If there is no reasonable prospect of a mortgage debt being discharged within a reasonable time, the court can refuse to adjourn possession proceedings.
The Court of Appeal reaffirmed that this is the position in Cheval Bridging Finance Ltd v Hastings, Hastings and Bhasin. Following divorce, Mrs Bhasin agreed with the Hastings that they would pay off her mortgage, take over the legal title to her property and hold it on trust for her so she could live there rent free with the option to repurchase.
Although the refinancing took place, default occurred and the claimant sought possession, joining Bhasin in to the proceedings as a party. Bhasin commenced proceedings against the Hastings for breach of trust and fiduciary duty and unsuccessfully sought an adjournment of the possession proceedings.
Although Bhasin was successful in her claim against the Hastings and was awarded damages, those damages were not paid. Bhasin contended that an application for a stay of the proceedings ought to have been granted either under the court's inherent jurisdiction or under the court's case management powers, pending the outcome of her action against the Hastings.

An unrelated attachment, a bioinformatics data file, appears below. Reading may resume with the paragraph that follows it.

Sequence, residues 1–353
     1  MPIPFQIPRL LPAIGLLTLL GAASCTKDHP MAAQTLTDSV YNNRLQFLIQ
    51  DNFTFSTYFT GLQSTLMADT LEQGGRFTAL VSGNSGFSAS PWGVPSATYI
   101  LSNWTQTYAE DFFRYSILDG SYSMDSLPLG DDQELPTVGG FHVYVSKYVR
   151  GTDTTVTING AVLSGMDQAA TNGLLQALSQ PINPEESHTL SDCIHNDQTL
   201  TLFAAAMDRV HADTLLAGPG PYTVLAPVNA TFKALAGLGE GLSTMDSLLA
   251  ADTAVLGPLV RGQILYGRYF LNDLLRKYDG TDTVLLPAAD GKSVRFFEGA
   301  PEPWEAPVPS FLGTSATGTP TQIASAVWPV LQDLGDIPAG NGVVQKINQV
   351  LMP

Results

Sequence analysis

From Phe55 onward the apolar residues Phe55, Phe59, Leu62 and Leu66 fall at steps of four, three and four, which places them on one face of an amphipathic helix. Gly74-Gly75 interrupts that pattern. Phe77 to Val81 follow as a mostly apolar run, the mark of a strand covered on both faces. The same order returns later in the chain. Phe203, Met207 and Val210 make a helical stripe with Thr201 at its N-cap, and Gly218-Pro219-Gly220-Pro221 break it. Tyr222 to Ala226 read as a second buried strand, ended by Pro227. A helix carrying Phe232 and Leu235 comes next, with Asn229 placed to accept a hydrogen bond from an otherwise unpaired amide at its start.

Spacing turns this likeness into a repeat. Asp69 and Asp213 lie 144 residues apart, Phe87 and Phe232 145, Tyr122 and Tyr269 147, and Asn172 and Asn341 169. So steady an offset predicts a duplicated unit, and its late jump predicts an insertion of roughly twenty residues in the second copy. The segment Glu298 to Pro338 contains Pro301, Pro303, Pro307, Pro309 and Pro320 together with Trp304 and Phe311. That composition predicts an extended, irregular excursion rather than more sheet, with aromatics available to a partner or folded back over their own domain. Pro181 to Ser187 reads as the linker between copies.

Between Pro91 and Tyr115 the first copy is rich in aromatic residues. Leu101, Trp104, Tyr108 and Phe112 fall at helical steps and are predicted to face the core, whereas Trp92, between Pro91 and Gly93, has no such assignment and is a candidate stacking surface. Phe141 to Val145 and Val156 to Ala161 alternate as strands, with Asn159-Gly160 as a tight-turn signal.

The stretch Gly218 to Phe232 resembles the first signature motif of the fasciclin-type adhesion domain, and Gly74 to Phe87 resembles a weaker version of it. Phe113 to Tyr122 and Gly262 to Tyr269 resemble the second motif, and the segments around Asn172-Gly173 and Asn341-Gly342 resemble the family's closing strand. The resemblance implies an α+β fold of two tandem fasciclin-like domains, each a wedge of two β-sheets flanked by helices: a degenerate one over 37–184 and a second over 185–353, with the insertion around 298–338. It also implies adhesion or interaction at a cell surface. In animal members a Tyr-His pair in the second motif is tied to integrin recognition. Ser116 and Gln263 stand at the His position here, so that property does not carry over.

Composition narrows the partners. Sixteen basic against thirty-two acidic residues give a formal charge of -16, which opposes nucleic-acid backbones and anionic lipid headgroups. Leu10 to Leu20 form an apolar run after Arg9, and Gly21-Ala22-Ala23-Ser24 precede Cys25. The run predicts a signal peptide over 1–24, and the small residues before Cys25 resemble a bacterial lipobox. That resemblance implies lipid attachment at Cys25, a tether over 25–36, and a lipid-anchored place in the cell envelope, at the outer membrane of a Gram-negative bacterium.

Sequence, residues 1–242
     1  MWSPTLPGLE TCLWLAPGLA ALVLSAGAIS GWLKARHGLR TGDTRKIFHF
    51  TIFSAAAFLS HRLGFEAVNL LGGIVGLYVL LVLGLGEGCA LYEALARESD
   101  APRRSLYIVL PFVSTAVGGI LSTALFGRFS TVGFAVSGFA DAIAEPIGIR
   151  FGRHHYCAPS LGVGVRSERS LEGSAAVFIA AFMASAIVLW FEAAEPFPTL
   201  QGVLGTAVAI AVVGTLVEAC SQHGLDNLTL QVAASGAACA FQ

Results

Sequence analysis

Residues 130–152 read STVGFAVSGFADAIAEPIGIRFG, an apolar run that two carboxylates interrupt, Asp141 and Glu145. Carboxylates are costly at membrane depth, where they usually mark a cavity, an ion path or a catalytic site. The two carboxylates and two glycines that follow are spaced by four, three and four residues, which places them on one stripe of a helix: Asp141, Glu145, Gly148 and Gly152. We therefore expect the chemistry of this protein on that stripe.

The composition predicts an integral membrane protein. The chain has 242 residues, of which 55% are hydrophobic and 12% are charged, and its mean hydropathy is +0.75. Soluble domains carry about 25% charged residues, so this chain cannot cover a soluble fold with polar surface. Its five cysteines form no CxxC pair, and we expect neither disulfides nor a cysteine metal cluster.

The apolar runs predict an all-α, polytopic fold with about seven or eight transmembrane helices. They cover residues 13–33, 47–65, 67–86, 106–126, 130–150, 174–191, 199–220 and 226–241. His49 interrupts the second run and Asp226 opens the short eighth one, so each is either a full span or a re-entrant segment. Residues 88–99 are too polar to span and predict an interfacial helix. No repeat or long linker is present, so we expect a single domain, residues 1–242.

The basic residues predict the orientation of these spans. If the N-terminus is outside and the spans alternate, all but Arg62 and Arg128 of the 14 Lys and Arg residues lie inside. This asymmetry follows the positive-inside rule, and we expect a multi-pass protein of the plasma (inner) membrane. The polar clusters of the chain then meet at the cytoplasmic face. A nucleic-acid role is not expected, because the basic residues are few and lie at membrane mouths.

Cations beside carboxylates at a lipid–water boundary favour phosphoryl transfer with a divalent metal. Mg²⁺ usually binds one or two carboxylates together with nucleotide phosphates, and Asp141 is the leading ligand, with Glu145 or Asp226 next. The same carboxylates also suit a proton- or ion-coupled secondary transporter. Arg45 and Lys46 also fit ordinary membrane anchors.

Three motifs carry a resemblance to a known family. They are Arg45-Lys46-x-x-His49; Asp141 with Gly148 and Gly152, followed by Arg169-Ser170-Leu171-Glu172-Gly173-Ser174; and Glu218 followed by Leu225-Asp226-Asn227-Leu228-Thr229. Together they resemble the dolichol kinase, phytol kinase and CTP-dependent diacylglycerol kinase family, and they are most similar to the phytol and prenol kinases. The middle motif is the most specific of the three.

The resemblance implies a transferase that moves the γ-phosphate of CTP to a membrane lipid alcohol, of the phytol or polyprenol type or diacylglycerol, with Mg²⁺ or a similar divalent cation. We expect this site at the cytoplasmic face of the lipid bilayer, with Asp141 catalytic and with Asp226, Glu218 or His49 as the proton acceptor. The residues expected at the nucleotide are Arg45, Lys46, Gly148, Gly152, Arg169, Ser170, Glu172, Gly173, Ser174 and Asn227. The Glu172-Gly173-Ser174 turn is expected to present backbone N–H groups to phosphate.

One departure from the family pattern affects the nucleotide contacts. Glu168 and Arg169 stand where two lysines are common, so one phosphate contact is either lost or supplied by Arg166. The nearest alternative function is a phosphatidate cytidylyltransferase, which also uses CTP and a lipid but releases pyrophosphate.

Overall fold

The Court of Appeal held that it was academic whether the court had the power to stay the possession proceedings. Given that the Hastings had failed to pay any damages to Bhasin, the possibility of them discharging the mortgage debt within a reasonable time was remote and that was what the court had to consider.
Things to consider
The court will consider all the circumstances when deciding whether repayment can be made within a reasonable time. Litigation against another party may be relevant but, as this judgment shows, not if it will not assist with repayment of the arrears.